Legal Papers of John Adams, volume 1

John Adams to Abigail Adams

Adams' Diary

Editorial Note Editorial Note
Editorial Note

This suit, as Adams noted in his diary, “arose from Ambition”1 and (apparently) from competition for the favors of the voters of Sandwich. Rowland Cotton, the town's representative in the General Court since 1758, had lost his seat to Stephen Nye in 1761, but had then obtained the sinecure of Clerk of the House of Representatives.2

In February 1763, Nye presented a petition to the General Court on behalf of “Jabez Joseph, Indian Man of Plymouth Setting forth That he served as a Soldier ... at Crown Point in 1761, and that in his way home he froze both his feet, and lost part of both, so that he is like to be a Cripple all his days, And Praying an Allowance.” The court voted a total of £4 to be paid to Nye “to be by him delivered to Mr. Elisha Tupper for the use of” Joseph. In addition Tupper, who had apparently been Joseph's master, was to receive £4 annually for three years, if Joseph lived so long, for Joseph's use.3

In the summer of 1763, Cotton appears to have “presented a Memorial to the General Court ... suggesting ... a mistake” in the grant of the pension because of the court's “supposing the said Jabez to be a legally mustered Soldier when probibelly he was not so.”4 The court then appointed John Murray of Rutland and Thomas Foster of Plymouth to investigate the matter. Nye told the committee that Cotton had obtained an order from Joseph's master to receive Joseph's wages from the Province Treasurer. When Cotton denied this, Nye said that he had seen in the Treasurer's office not only the order but also Cotton's receipt for the wages. The Treasurer, however, supported Cotton, and certified to the committee that Nye's declaration was “altogether false and Groundless.”5 The committee then reported in Cotton's favor.

According to depositions in the file, Nye accused Cotton of reading the committee's report to a group in a Boston or Cambridge barbershop and then taking it to the General Court where the Speaker read it aloud. Early in January 1767 Cotton invited Nye to call a general town meeting, “that the Inhabitants thereof might judge of the Difference between Them.” Nye failed to accept the invitation, and on January 12, before a group of townsmen at Nathaniel Bassett's blacksmith shop in Sandwich, told Cotton: “That is a false, lying paper which you made yourself and forged the Committee's name to it.”6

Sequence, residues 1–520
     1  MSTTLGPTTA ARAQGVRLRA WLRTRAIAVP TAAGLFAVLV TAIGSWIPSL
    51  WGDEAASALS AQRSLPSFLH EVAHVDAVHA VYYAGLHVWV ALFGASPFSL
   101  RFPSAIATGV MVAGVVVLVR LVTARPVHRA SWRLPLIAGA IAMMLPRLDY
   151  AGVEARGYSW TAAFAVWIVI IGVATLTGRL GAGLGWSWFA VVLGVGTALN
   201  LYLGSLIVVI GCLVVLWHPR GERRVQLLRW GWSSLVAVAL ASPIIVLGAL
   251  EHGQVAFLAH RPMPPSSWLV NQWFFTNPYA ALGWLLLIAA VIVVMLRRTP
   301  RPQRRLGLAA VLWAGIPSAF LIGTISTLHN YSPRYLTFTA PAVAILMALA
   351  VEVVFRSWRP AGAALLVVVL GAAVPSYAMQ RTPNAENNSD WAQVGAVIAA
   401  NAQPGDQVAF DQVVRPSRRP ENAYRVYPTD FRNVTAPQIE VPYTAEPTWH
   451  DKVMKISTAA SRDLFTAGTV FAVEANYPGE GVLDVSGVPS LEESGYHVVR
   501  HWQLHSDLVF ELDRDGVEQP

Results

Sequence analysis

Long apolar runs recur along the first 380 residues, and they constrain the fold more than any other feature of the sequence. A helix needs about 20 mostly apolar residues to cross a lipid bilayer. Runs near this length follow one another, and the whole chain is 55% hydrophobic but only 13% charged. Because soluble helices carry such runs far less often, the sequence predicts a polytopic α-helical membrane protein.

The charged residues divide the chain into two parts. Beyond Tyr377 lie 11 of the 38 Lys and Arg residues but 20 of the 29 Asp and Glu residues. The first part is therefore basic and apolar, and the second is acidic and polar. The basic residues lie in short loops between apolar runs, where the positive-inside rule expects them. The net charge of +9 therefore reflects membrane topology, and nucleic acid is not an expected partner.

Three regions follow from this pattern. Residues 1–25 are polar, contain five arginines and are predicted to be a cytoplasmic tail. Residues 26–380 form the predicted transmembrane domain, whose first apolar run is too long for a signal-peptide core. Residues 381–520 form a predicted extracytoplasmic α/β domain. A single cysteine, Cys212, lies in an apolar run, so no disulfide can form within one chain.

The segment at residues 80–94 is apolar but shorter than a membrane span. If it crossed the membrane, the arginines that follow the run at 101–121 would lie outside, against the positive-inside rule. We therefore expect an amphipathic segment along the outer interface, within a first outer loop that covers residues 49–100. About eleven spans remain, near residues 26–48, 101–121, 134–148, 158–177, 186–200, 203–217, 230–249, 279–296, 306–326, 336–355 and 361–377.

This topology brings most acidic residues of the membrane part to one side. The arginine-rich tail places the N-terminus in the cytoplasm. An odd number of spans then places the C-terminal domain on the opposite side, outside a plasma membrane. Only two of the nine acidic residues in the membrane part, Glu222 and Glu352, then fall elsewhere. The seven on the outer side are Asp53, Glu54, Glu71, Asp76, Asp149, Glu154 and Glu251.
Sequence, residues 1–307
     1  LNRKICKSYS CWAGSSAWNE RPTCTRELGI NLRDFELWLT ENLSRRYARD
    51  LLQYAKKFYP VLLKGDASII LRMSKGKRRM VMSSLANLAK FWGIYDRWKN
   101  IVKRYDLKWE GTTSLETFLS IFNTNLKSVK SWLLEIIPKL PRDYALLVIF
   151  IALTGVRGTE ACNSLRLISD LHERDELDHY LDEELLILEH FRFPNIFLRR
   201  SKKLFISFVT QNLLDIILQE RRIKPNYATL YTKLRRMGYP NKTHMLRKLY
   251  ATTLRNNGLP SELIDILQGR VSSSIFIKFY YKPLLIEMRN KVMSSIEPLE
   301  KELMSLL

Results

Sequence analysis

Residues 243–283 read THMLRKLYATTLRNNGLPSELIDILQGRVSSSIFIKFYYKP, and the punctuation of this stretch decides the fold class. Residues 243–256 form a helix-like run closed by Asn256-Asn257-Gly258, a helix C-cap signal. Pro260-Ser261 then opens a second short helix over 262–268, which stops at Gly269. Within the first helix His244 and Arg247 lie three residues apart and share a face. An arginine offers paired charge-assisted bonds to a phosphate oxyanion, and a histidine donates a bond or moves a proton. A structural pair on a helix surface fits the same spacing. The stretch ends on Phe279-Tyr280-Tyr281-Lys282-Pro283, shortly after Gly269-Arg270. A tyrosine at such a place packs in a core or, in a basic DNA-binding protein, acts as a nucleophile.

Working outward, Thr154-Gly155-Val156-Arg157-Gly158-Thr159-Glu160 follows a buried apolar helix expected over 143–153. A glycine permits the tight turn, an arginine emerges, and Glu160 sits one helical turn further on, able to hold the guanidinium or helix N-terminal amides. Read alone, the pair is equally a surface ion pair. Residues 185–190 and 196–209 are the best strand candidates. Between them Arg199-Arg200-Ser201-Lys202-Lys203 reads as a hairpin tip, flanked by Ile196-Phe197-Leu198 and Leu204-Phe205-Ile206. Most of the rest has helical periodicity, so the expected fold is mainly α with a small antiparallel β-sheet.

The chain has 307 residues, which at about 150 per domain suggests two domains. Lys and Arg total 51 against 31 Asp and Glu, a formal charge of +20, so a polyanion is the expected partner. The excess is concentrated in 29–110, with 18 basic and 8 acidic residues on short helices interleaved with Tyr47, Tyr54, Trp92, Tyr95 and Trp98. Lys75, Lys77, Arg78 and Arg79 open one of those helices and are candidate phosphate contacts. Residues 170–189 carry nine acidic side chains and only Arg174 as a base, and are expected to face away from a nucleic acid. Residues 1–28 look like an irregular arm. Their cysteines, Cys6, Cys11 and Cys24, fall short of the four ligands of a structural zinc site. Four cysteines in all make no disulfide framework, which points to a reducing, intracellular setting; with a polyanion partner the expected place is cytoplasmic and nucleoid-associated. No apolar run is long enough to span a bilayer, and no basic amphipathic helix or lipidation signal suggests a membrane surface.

Cotton, represented by Paine, thereupon commenced an action for slander in the Barnstable Inferior Court which Adams defended on Nye's behalf. The cause was tried on 7 April 1767, and after the jury found for Cotton in the sum of twenty shillings and costs,7 both parties appealed to the Barnstable Superior Court.

There, on 14 May 1767, the case came on anew. After trial, the jury brought in a general verdict for Cotton for £7 and costs, and Nye's motion in arrest of judgment, argued at Boston in August 1767, was overruled.8 Admitting that Nye had uttered the words, Adams had sought to argue that they were not actionable. The notes set out below suggest that his point was technical: the act of which Nye accused Cotton not being criminal, plaintiff could not recover without a showing of special (i.e. provable) damages. It is not clear whether this argument, which found considerable support in the authorities which Adams collected,9 was addressed to the court as well as to the jury. Adams' diary entry (Document VII) shows that he attempted vainly to argue the question to the jury. His minutes (Document V) show that the court unanimously upheld the actionability of the words. It cannot be determined whether the judges gave this ruling as part of the usual seriatim charge; whether they intended it as a determination binding the jury, as in the English criminal libel practice; or whether the ruling was made upon the motion in arrest of judgment.10

There are four separate Adams minutes or notes for this case (Documents II, IV, V, VI). Their exact dating is uncertain, but the present arrangement is supported by Paine's dated minutes of the Inferior Court proceedings (Document III).


1 JA, Diary and Autobiography 333 (4 April 1767).


Resolve of 22 Feb. 1762, 17 A&R 160.


Resolve of 16 Feb. 1763, 17 A&R 349.


Declaration, SF 144208.


Certificate (copy), SF 144208.


Depositions of Nathaniel Bassett, John Jennings, and Thomas Clapp; Declaration, Cotton v. Nye, SF 144208.


Inferior Court record, Barnstable, April 1767 (extract copy), SF 144208.


SCJ Rec. 1766–1767, fols. 228–229; Min. Bk. 82, SCJ Barnstable, May 1767, N–2. As to the motion, see the file wrapper and bill of costs. SF 144208.


See 8 Holdsworth, History of English Law 353–356, which discusses the practice whereby 17th-century judges sought to discourage actions for slander by holding that “in these actions the words complained of must be construed not in their natural sense, but, whenever possible, in 'mitiore sensu.' That is, they must be held not to be defamatory if a non-defamatory sense could be twisted out of them.” Id. at 355.


As to criminal libel and instructions to the jury generally, see No. 12. The motion in arrest of judgment was a means of attacking the legal sufficiency of the declaration after verdict, as on a demurrer. See Sutton, Personal Actions 129–131. Compare William Sheppard, Actions upon the Case for Slander 275 (London, 2d edn., 1674). If the court chose to regard actionability as matter of law only, it could overturn the jury's finding by this device. Few examples of the motion have been found in Massachusetts. Its use here and in No. 36, another defamation action, suggests that the independence of Massachusetts juries may have given it a special utility in such cases. See No. 36, note 7.